First, Jesus very explicitly gave the disciples authority over unclean spirits. V.12-13 seems to suggest a subsequent connection between the invitation to repent of sins and deliverance from demons/healing. In other places in the bible Jesus will first forgive someone’s sins then, to demonstrate the authority to forgive sins (something it was believed only God could do) he would then heal their infirmity. Repentance then deliverance. Repentance then healing. Interesting.

Second, before sending the disciples on their way Jesus tells them to take nothing extra on the journey (v.8-9). This begs the question, why? Why would it matter if they have some extra food or not? Or a change of clothes? Or a little money – just in case? They were essentially sent with nothing but the clothes on their backs, completely dependent on the Father to provide for them as they went on their way.

There seems to be a connection between complete dependence on God and activation of the power of God in their ministry.

One day I was listening to a Christian evangelist from mainland China who was visiting the US. He ministered in the rural areas far from city centers and plagued with grinding poverty. He spoke of people desperate for help, who had no means to secure needed medical care or other kinds of services we take for granted in the US. And he told us of amazing miracles and works of God in their midst. When someone asked why such things are less frequently experienced in the West he told us we often have no need of God – we can depend on our worldly resources to address our needs. He didn’t say this as a criticism, just a fact.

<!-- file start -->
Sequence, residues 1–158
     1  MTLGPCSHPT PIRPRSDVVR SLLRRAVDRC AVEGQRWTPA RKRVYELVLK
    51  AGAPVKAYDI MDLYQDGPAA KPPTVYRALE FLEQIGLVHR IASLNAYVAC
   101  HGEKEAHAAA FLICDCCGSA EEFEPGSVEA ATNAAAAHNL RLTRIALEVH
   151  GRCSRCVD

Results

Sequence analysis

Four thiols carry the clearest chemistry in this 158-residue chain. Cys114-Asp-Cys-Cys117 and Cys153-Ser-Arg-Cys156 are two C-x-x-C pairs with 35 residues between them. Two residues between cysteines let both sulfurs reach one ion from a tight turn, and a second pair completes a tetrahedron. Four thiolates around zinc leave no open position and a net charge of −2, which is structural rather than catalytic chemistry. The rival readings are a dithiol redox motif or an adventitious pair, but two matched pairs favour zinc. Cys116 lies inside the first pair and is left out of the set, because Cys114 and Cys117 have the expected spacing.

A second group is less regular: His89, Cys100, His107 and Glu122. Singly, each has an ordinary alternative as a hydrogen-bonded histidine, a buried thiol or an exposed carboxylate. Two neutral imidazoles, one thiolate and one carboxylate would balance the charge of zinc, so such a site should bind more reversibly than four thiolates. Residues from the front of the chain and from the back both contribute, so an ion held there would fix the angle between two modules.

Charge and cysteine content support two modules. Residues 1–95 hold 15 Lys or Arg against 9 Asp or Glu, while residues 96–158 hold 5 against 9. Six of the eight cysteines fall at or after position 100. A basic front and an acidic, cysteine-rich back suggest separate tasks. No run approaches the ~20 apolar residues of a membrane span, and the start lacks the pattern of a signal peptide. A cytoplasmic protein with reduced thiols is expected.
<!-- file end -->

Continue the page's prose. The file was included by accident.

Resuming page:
People who tend to experience the miraculous power of God aren’t necessarily more faithful or spiritual or godly than others, it’s just that they have no other options available to them. Today’s passage has me thinking about this, reflecting on it, praying. Lord teach us to minister in your power. Amen.

Holy interruptions…


Mark 5:21 When Jesus had crossed again in the boat to the other side, a great crowd gathered around him; and he was by the sea. 22 Then one of the leaders of the synagogue named Jairus came and, when he saw him, fell at his feet 23 and begged him repeatedly, “My little daughter is at the point of death. Come and lay your hands on her, so that she may be made well, and live.” 24 So he went with him. And a large crowd followed him and pressed in on him. 25 Now there was a woman who had been suffering from hemorrhages for twelve years… 27 She had heard about Jesus, and came up behind him in the crowd and touched his cloak, 28 for she said, “If I but touch his clothes, I will be made well.” 29 Immediately her hemorrhage stopped; and she felt in her body that she was healed of her disease. 30 Immediately aware that power had gone forth from him, Jesus turned about in the crowd and said, “Who touched my clothes?” 31 And his disciples said to him, “You see the crowd pressing in on you; how can you say, ‘Who touched me?’ ” 32 He looked all around to see who had done it. 33 But the woman, knowing what had happened to her, came in fear and trembling, fell down before him, and told him the whole truth. 34 He said to her, “Daughter, your faith has made you well; go in peace, and be healed of your disease.”